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Reviews > Sleep Gear > Pads and Air Mattresses > Big Agnes Dual Core Pad > Owner Review by Ray Estrella

Big Agnes Dual Core Pad
By Raymond Estrella
June 17, 2006


NAME: Raymond Estrella
EMAIL: rayestrellaAThotmailDOTcom
AGE: 48
LOCATION: Orange County, California, USA
HEIGHT: 6' 3" (1.91 m)
WEIGHT: 200 lb (90.70 kg)

I have been backpacking for over 30 years, all over California, and in many of the western states and Minnesota. I hike year-round, and average 500+ miles (800+ km) per year. I have made a move to lightweight gear, and smaller volume packs. I start early and hike hard so as to enjoy the afternoons exploring. I usually take a freestanding tent and enjoy hot meals at night. If not hiking solo I am usually with my wife Jenn or brother-in-law Dave.

The Product

Manufacturer: Big Agnes Inc
Web site:
Product: Dual Core Pad, Mummy Long
Year manufactured: 2006
MSRP: $105.00 (US)
Weight listed: 33 oz (936 g)
Actual measured 35.9 oz (1018 g)
Weight of stuff sack: 1.8 oz (51 g)
Measurements listed: 20” x 78” x 2.5” (51 cm x 198 cm x 6.25 cm)
Actual measurements: 21.5” x 77” x 2.75” (55 cm x 192.5 cm x 7 cm)
Packed size listed: 6” x 13” (15 cm x 33 cm) Actual measured 6.5” x 13” (16.5 x 33 cm)
Temperature rating: 0 F (-18 C)
Warranty: “If you are not satisfied with any Big Agnes product at the time you receive it, or if one of our products does not perform to your satisfaction, return it to Big Agnes for a replacement or refund.”

Dual Core

Product Description

The Dual Core Pad is a black and purple air mattress, intended for use as a cold weather backpack sleeping pad. The top is made of 70 denier hexagonal rip-stop nylon fabric, with a Durable Water Repellent coating. The bottom is made of black 70 denier nylon fabric, without the rip-stop pattern. It has the Big Agnes logo at the top of the pad in white lettering, along with the product name and size. Just below that is a Primaloft logo, also in white. Besides the DWR coating on the outside, the inner surface has been given a polyurethane coating.

The pad is made up of eight air chambers, running lengthwise. They are described as being I-beam construction. The manufacturer describes it as follows. “The I-beam construction technique is functionally superior to the typical welded-through construction of other air mats. Die cut holes in each I-beam allow air to flow freely between chambers giving constant support and comfort.” As seen in the picture above the pad is cut to fit a mummy-shaped bag.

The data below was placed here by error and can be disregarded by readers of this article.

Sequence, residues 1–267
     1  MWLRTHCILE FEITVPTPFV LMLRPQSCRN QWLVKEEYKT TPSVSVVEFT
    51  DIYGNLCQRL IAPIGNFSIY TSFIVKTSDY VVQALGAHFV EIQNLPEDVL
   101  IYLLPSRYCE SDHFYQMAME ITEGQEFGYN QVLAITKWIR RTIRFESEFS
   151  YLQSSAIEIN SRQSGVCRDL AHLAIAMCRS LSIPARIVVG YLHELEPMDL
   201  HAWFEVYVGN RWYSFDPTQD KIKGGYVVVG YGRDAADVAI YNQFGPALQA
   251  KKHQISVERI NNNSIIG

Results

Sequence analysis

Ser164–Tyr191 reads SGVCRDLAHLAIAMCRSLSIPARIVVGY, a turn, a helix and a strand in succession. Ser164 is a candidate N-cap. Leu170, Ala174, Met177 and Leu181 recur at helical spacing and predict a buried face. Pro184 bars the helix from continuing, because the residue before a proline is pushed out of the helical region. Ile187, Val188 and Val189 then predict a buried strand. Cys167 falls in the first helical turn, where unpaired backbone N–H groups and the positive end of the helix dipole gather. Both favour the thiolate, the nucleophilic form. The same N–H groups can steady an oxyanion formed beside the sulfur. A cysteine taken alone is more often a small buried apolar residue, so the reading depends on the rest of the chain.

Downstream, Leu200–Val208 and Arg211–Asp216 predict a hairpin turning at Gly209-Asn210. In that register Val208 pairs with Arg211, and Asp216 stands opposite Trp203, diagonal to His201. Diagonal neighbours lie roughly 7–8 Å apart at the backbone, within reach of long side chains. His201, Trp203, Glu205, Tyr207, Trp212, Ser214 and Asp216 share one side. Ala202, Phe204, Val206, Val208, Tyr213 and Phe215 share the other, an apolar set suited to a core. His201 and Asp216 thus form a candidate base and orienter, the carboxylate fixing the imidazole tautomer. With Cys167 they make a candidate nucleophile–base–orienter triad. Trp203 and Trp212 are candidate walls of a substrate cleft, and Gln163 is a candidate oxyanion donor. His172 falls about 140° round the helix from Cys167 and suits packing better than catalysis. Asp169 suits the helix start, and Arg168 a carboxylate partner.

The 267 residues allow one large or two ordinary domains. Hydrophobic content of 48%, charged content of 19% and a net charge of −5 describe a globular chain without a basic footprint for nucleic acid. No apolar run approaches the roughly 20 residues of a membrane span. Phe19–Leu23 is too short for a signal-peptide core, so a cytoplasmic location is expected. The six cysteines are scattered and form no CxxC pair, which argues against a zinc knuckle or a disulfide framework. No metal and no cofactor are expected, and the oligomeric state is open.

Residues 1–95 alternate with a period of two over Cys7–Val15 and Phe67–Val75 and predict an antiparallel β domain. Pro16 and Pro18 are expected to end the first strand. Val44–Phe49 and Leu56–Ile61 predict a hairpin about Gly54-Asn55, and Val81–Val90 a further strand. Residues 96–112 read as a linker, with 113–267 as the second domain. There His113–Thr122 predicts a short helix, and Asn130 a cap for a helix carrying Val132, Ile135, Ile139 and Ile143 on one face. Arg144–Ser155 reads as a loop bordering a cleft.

In one corner of the pad at the top is a two-piece plastic-coated brass screw-closed air valve. When turned clockwise it closes the valve. Turning it counter-clockwise opens the valve, releasing the air to empty the pad. Big Agnes calls the valve an “EZ-Flate mouthpiece”. The bottom section of the valve spins open or closed while the top, or end, stays stationary in my mouth. The picture to the right shows the valve, and the hexagonal patterned rip-stop.

The pad has Primaloft insulation inside it. The manufacturer says that it is “filled with Primaloft insulation”, but it is actually a layer of insulation attached to the top side of the pad. The insulation has been treated with a “silicone treatment which serves as an anti-microbial within the pad.” Since one introduces moisture into the pad while inflating by mouth, this is probably a good thing.

It also has high density foam insulation in the pad. From what I can tell the foam is about .5 in (1.25 cm) thick, and seems to be bonded to the bottom side of the pad.

The Dual Core came with a stuff sack made of the same rip-stop material as the top of the pad. A pocket inside of the stuff sack contains a repair kit consisting of a rip-stop fabric patch and a small tube of glue.